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Every year, families are losing their mothers to cervical cancer. Don’t leave your loved ones heartbroken. Take steps to prevent cervical cancer today.

Cervical Cancer Facts
Cervical cancer is the 3rd most common cancer in women in Malaysia1,with about 2,145 women in Malaysia being diagnosed with cervical cancer each year (estimations for 2012)2,3.

HPV The Leading Cause
99% of cervical cancer cases are caused by HPV (Human Papillomavirus)4. 70% of these cases are caused by HPV-16 and HPV-184. It is a common sexually transmitted infection4. 1 in 2 sexually active adults would have been infected at some point in their lives5.

Are You At Risk
Every woman who has had sexual intercourse (even if with just 1 partner) is at risk6.

The risk factors for HPV infection in women include having multiple sexual partners, smoking, have weak immune system or had other sexually transmitted infections4,7,8.

Fortunately, cervical cancer is preventable. So, take charge of your health today. Go for regular Pap smears and consult your doctor about HPV vaccination.

5 Pap Smear Facts For Every Woman
Most cases of cervical cancer occur in women who did not get regular Pap smears8,9. Maybe they didn’t realise the importance of getting tested or were just too afraid of the results they might get. Fact is, we need to detect and treat cervical cancer as early as possible. It could make all the difference between life or death. Here are some useful facts to take to heart.

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GET HPV VACCINATION FOR YOURSELF

Talk to your doctor today about HPV vaccination. It is available for a fee at private hospitals and clinics. HPV vaccination together with regular Pap smears will help protect you further against cervical cancer14.

TUC logo plaque ENG v1-01References

  1. Ministry of Health Malaysia, National Cancer Registry Report 2007, Malaysia Cancer Statistics – Data and Figure.
  2. World Health Organization (WHO), ICO, 2013 Malaysia Human Papillomavirus and Related Cancers, Fact sheet, http://www.hpvcentre.net/statistics/reports/MYS_FS.pdf (accessed on 13 November 2014)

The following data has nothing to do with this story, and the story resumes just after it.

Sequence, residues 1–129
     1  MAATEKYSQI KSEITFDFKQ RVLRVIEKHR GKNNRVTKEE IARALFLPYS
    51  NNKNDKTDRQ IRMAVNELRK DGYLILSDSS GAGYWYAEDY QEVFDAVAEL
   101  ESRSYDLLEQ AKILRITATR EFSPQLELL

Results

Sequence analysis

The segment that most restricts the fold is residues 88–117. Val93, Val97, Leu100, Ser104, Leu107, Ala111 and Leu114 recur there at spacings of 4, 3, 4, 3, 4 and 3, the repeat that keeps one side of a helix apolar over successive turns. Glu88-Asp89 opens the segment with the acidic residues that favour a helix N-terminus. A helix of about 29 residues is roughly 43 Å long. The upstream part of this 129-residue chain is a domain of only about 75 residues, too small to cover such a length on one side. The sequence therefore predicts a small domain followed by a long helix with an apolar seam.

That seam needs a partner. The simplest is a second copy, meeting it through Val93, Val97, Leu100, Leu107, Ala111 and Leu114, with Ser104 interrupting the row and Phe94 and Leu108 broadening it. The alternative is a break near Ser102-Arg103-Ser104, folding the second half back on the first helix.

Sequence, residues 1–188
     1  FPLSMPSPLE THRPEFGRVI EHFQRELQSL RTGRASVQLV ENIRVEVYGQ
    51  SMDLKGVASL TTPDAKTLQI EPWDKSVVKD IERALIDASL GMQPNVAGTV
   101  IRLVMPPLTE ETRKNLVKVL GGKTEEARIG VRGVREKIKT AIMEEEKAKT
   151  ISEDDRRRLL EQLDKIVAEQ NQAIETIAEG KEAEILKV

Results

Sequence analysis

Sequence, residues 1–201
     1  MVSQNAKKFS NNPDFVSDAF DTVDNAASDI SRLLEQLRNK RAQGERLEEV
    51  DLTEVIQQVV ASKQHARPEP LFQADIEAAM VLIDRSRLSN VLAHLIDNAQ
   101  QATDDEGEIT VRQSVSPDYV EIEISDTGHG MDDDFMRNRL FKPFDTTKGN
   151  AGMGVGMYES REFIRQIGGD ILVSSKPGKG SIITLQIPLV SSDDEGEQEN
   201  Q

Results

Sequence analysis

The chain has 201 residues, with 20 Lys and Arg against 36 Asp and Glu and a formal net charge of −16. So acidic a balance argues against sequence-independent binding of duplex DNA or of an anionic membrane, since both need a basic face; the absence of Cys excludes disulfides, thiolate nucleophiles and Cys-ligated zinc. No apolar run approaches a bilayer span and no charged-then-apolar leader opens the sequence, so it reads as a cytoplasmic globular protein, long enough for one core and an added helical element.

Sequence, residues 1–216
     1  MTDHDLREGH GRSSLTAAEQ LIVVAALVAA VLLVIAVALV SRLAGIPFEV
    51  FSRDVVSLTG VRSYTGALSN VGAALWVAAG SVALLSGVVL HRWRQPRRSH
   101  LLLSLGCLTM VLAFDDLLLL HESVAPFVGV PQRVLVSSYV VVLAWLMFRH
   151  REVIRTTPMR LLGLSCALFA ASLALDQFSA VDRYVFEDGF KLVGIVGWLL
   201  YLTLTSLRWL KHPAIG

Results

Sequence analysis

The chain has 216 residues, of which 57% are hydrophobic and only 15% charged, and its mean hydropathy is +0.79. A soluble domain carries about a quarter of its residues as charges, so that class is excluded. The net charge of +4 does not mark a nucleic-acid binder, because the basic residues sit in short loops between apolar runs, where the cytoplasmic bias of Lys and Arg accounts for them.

3. World Health Organization (WHO), ICO, 2013 Malaysia Human Papillomavirus and Related Cancers, Summary report, http://www.hpvcentre.net/statistics/reports/MYS.pdf (accessed on 13 November 2014.
  4. Centres for Disease Control and Prevention (CDC), Epidemiology and Prevention of Vaccine-Preventable Diseases: The Pink Book, 12th ed. CDC 2012.
  5. Centres for Disease Control and Prevention (CDC), Sexually Transmitted Diseases Guidelines, 2010. MMWR2010:59 (No. RR-12)
  6. Centres for Disease Control and Prevention (CDC), Genital HPV Infection – CDC Fact Sheet, http://www.cdc.gov/std/hpv/stdfact-hpv.htm (accessed on 13 November 2014)
  7. World Health Organization, Human Papillomavirus and Cervical Cancer, 2013. http://www.who.int/mediacentre/factsheets/fs380/en/ (accessed on 31 October 2014)
  8. American Cancer Society, Cervical Cancer Prevention and Early Detection, http://www. cancer.org/acs/groups/cid/documents/webcontent/003167-pdf.pdf (accessed on 13 November 2014)
  9. National Cancer Institute (NCI), Cervical Cancer Screening, http://progressreport.cancer.gov/doc_detail.asp?pid=1&did=2007&chid=72&coid=717&mid=#high (accessed on 13 November 2014)
  10. Ministry of Health Malaysia MyHealth website, Ujian Saringan Kanser Serviks, http://www.myhealth.gov. my/index.php/organ-pembiakan/ujian-saringan-kanser-servik(accessed 30 October 2014)
  11. Centres for Disease ControlandPrevention(CDC),Gynecologic Cancers-What Can I Do to Reduce My Risk?, http://www.cdc.gov/cancer/gynecologic/basic_info/prevention.htm(accessed on 30 October 2014)
  12. United States National Library of Medicine, Pap Smear, http://www.nlm.nih.gov/medlineplus/ency/ article/003911.htm (accessed on 13 November 2014)
  13. Othman NH and Rebolj M, Challenges to Cervical Cancer Screening in a Developing Country: The Case of Malaysia, Asian Pacific Journal of Cancer Prevention 2009, Vol 9
  14. National Cancer Institute (NCI), Understanding Cervical Changes: A Health Guide for Women, 2014.

 

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